Horne's Descent

It all starts off so nicely, but it’s not long before Nina Atesh’s drawing-room drama turns into a battleground of conflicts that resurrect the past, fight for the present and attempt to claim the future. The play might be called Horne’s Descent, but at times they all hit the depths and those who survive to win the days comes as something of a surprise.

The air is rife with vitriol and biting conversation

If you enjoy asking yourself, “How’s this going to end?” as you attempt to unravel the carnage of verbal bombardment unwinding in front of you, then this might well be your sort of play. Others might find it ultimately too mysterious or far-fetched depending on the level at which you think it should be interpreted. Either way, what at first seems to be a simple piece of period theatre ultimately winds its way to a denouement worthy of Gothic horror.

It’s January 1920. Peter Horne (Alexander Hackett) is newly ordained. (Here's a opportunity to toy with plots, intermittently throw in the idea that he isn’t ordained but has just thrown that into the mix as a wind-up). He spent the war years fighting in the trenches with his fellow working class cannon fodder and managed to survive. Albert Palmer (Magnus Gordon) his aristocratic childhood friend, could have easily arranged a commission for him through his titled father, but Horne stuck to his roots, not even telling Palmer he had gone to serve. They had no contact with each other for six years.

Palmer has rooms in the posh London house of Etta Florence (Cici Clarke), a woman whose looks belie her years, and her niece, the attractive young socialite Mary Florence (Bethany Slater). They are all flawed individuals. Horne’s commitment to the priesthood is questionable, his youth was chequered and he relishes deliberately winding people up and having the odd rage. Palmer lacks control of his drinking, revels in his privileged status, is foolishly in love with Mary and also has aggressive outbursts. Etta swans around in a world if not quite of the occult one that is certainly full demons, strange powers and animistic curiosity; all of which provides ample material to rile any priest, which she enjoys doing. Mary, while not of similar persuasion, does nothing to stifle Etta’s beliefs. She is aware of her beauty and social class and open to being seduced at the drop of hat. The casting is successful works and each member creates a well-defined character portrayed in a solid performance.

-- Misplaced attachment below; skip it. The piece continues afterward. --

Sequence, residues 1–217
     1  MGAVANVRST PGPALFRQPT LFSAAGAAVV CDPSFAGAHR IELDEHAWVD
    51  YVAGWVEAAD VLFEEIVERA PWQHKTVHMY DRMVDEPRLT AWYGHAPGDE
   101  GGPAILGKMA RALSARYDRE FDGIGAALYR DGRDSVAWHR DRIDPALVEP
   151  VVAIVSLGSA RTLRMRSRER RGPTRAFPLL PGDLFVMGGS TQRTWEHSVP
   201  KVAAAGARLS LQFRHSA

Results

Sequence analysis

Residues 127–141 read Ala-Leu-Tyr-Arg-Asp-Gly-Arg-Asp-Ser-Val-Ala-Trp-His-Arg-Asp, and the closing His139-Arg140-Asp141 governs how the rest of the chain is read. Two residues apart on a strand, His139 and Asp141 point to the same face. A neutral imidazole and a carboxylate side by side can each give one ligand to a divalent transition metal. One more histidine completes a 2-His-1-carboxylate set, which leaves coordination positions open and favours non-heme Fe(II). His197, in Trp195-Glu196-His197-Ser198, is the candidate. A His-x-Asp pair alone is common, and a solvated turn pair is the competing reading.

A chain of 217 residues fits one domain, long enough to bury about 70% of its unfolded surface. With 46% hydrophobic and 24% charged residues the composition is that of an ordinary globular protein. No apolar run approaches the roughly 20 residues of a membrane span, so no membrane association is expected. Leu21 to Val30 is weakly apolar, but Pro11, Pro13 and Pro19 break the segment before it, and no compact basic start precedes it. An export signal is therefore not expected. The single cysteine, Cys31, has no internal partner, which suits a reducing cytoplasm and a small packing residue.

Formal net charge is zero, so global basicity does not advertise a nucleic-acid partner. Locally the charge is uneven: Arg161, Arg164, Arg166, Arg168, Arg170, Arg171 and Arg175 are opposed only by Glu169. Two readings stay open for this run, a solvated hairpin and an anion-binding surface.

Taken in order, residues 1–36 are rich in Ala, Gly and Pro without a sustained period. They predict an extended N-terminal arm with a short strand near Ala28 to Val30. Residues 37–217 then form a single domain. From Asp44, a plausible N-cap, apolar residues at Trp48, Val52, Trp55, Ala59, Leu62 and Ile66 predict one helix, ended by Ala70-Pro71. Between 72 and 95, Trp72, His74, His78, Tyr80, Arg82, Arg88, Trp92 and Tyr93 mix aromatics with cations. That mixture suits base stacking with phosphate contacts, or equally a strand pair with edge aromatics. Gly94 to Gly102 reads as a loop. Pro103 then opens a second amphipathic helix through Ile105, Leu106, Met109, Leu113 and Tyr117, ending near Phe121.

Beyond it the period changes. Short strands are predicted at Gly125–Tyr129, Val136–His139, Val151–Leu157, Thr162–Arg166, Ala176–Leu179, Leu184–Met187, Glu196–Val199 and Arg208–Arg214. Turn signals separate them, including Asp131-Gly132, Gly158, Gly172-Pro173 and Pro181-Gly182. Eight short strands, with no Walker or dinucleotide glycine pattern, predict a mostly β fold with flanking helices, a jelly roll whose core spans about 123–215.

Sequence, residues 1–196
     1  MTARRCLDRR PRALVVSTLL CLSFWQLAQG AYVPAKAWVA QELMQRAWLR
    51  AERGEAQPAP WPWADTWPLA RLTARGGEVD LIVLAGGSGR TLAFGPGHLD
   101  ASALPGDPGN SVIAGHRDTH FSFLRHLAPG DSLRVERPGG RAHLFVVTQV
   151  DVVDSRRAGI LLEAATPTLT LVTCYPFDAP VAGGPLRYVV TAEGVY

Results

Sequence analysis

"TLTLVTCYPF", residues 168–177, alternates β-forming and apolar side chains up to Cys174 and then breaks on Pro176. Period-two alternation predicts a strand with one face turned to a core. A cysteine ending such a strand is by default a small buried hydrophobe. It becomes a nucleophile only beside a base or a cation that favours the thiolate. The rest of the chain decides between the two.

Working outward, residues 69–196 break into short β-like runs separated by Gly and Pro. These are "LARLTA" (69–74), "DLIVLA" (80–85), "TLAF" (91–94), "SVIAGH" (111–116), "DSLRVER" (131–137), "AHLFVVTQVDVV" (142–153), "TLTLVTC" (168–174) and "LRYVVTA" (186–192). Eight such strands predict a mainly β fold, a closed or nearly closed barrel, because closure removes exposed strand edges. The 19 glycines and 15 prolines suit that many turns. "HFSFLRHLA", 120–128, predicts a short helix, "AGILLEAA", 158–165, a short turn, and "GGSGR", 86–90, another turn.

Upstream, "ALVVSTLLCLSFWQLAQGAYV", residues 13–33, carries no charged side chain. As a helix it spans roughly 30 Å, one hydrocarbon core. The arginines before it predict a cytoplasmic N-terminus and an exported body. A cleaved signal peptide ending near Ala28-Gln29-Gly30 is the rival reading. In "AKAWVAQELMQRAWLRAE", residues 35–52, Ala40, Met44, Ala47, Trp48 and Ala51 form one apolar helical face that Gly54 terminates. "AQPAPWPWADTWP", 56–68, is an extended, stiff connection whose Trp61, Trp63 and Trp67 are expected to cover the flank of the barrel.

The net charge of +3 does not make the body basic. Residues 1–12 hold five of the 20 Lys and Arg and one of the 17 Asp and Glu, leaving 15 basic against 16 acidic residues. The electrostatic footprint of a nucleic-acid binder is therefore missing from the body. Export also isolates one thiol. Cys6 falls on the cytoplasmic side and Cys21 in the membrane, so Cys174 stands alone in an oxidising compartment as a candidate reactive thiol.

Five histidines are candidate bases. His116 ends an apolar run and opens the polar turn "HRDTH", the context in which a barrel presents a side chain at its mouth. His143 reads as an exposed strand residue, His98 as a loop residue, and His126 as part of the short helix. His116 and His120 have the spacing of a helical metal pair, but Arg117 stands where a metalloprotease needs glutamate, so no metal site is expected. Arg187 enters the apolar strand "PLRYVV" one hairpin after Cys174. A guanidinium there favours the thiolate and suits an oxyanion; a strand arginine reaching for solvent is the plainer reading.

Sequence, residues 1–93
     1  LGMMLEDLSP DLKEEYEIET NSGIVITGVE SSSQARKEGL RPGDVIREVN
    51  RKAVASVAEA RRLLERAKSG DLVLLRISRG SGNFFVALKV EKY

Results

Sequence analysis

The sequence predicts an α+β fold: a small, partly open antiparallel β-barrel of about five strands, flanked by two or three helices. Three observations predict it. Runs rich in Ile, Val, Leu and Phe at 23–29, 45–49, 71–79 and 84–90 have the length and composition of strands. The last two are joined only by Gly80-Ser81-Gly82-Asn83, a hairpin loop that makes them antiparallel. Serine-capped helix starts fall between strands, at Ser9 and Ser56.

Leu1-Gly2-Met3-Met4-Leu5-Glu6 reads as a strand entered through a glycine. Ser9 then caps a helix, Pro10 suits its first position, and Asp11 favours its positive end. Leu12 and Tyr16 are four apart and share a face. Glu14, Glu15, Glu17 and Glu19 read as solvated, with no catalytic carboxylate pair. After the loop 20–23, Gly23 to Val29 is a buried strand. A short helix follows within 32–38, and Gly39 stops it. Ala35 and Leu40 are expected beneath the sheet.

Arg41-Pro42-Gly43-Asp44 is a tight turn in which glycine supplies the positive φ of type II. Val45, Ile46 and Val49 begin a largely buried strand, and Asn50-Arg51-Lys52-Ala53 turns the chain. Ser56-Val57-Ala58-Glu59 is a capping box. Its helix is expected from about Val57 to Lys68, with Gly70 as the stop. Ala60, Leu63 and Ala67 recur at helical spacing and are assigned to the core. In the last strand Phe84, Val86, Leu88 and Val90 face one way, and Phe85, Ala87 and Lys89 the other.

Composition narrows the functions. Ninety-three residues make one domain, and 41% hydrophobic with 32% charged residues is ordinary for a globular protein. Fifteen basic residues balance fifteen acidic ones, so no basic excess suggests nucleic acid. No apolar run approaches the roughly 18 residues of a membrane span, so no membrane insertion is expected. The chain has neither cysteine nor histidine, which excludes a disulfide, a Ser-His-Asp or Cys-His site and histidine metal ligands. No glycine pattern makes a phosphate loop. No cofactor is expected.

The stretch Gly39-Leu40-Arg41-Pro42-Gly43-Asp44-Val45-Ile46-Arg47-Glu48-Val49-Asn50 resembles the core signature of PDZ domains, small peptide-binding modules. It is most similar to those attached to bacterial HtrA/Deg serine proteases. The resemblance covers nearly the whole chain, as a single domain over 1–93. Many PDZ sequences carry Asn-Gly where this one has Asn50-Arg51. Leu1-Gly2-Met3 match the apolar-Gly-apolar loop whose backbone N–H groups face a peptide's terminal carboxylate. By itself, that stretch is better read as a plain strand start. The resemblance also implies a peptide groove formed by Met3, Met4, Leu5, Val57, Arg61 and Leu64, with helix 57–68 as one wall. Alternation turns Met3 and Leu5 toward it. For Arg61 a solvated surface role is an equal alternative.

The confines of the Red Lion, Islington are ideally suited to this intense dialogue and claustrophobic atmosphere. Miranda Cattermole’s detailed period parlour with the chairs, chaise longue, drinks table and gramophone, covers most of what little space there is, but she left enough room for the ladies to parade her elegant and colourful cocktail dresses. She scores a double triumph. Director Chloe Cattin manages to find enough room to navigate the cast around the furniture without getting into awkward manoeuvres or head-on collisions. Meanwhile, the air is rife with vitriol and biting conversation as things don’t go the way Palmer had hoped and the past begins to reveal itself. But look out. Conversely, it might be going very much along the lines the ladies planned, despite their protestations. But just what are they up to?

As the denouement approaches the stakes rise along with the element of mystery and level of confusion as to what precisely is happening. It’s all very interesting rather that gripping and on reflection there is a tendency to simply ask, “What was that all about?” You decide.

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Reviews by Richard Beck

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The Blurb

Having left the conflict of WWI, Horne’s Descent follows the journey of a young priest as he spirals into the depths of his own moral conflict. After the fog and fumbling of war, can you ever go back to the way things were? Touching on themes of classism, religion and free will, Horne's Descent is a psychological interrogation into whether we have the power to change the course of our lives.

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